Busiek's Superman was a fun read, but seemed to be rushed to a close as DC re-calibrated in 2006 to actually getting books out on a monthly schedule (the things that we tried to rationalize in 2005...). With fill-in's and annuals to close things up, the storylines felt incomplete, even if enjoyable.

Reports coming out of San Diego suggest that editor Matt Idleson has his ducks in a row and a strong direction moving forward for all the Super-titles, so I'm allowing myself to enjoy Robinson's Superman with a dash of cautious optimism that it will continue to be a good read.

Over in Action Comics, Geoff Johns hit a heck of a stride with "Superman and the Legion of Super-Heroes" (I highly recommend picking up the trade). Johns is probably a fanboy for Superman, but its his rich knowledge of Superman as a character and the rich history of Superman's pre-Crisis world that makes Johns' neo-revolution for Superman so enriching. He's really leading the charge to merge the best of the elements from Superman's 70 years in print into a dynamic universe, all on its own. Further, he's breathing new life into old villains, supporting characters and storylines that were all but disappearing in the era before Infinite Crisis.

Add in terrific artwork by Gary Frank, and Action Comics is now the first comic I pull from the stack every time.

And I have no idea how this "Brainiac" storyline will wrap up, but the first issues have been very engaging for this Superman nut.

Supergirl, despite a prolonged and rocky start to the series (which I dropped for several months), is now back on track. Kara's story of a "stranger in a strange land" has moved from bratty teen to one of exploring idealism and the limits of superpowers. With the mistake that was "Amazons Attack!" behind the series, and the questionable relationship with Captain Boomerang, which... ick... I'm feeling very positive about the series.

I hear good things about upcoming writer Sterling Gates, but mostly someone needs to come on the title strong, and be given a chance to finally create a world for Supergirl, with a supporting cast and environment of her own.

Final Crisis Event
Reading: Pretty much all of the Final Crisis stuff

I believe in Grant Morrison.

There's little I take more pleasure in than seeing a story take me in new and unexpected directions. This isn't limited to comics or superhero stories, but that's the media in which Morrison has chosen to work. In many ways, he's a great compliment to Geoff Johns, who so carefully crafts character and separate worlds and missions for whichever characters he's handling that it gives Morrison an opportunity to use short hand characterization and begin to get his ideas across. He isn't short on great character moments, but both in his JLA run and here in Final Crisis, he's working with the environment and characters as they are and pushing things forward in unexpected directions.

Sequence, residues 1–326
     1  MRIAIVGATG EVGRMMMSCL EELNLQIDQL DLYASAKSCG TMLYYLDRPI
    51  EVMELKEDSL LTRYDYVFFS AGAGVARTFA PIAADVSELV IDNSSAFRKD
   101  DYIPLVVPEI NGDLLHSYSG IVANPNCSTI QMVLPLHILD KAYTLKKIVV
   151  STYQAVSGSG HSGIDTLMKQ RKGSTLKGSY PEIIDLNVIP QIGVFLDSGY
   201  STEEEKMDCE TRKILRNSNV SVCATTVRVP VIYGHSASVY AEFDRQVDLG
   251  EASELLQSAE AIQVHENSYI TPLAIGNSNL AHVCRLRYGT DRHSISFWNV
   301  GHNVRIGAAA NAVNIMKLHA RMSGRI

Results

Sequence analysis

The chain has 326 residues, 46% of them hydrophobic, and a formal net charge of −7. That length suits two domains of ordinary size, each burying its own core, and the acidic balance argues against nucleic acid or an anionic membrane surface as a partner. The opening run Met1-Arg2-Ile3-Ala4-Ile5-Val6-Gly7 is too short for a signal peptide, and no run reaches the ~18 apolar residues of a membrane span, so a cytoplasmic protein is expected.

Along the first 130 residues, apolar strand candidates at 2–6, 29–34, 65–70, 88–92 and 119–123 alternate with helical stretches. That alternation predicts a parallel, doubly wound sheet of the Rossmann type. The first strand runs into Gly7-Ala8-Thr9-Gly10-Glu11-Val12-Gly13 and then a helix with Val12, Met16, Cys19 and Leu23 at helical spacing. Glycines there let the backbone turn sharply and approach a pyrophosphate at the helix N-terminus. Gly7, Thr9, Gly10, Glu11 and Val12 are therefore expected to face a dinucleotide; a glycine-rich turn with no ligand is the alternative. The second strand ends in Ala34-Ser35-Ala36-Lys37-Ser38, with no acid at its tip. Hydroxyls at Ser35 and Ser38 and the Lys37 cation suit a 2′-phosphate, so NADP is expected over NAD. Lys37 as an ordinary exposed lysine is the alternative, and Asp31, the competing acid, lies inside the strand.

So far, I am impressed.

Morrison's stories are so very different from anything else on the market that I think some of the negative buzz you may have herad is from fanboys looking for less complex material in their comics, or a resistance to Morrison's insistence on coming up with cool ideas for heroes on the fly to the point where it can all feel a bit over-compressed. I actually really enjoy that aspect of his work. Especially when he slows it down and applies it to the larger picture.

What other writer could I trust to have a feel for what the 5th World will bring other than Morrison? And how that what the DCU will look like when evil wins (true evil, not the hand-wringing, mustache twirling variety)?

I was also very pleased with DC's decision to step outside the story with Final Crisis: Requiem. For readers who might be looking for a bit more emotional depth to the events of the passing of J'onn J'onzz and a solid read, its probably not too late to find this at your local comic shop.

And while I'm not exactly clear on how Final Crisis: Rogue's Revenge fits into things quite yet, Johns back on Flash is never a bad thing.

Other Books:

Green Lantern and GL Corps: Separate books, but closely inhabiting the same space, Green Lantern (again by Johns) is a must-read for any DC fan. After flailing through the last two years of the Kyle Rayner series, Hal's return to the the DCU has led to a remarkable series that's a sci-fi epic, years in the building. Pair it with GL Corps, and the expanse of the Green Lantern Corps mythos grows ever more impressive.

I've honestly never really seen the sort of world-building in a mainstream superhero book that Johns and Co. are attempting with the Green Lantern books.

Wonder Woman: I may never be entirely sold on the Dodson's cheesecake art, but I am sold on Gail Simone on Wonder Woman. I never thought (a) they should have taken Rucka off Wonder Woman, and (b) that the series should have been restarted. And I still think I'm right. But Simone is taking the horrendous mess of a book she was handed after two or three abortive runs by big-name writers and is slowly but surely restoring my faith in the Amazon Princess.

Blue Beetle: There's a separate column in this somewhere, but Blue Beetle is the best superhero books you aren't reading. For as much buzz as Booster Gold has generated as a new series, the same laud and honor (and sales figures) should be heaped on the team that's brought this book together and made Jaime Reyes and his already expansive cast so much fun to read.

I can't figure out why readers won't give Jaime and his scarab a chance, as its the teen superhero book all those other teen superhero books try to be, but never really work.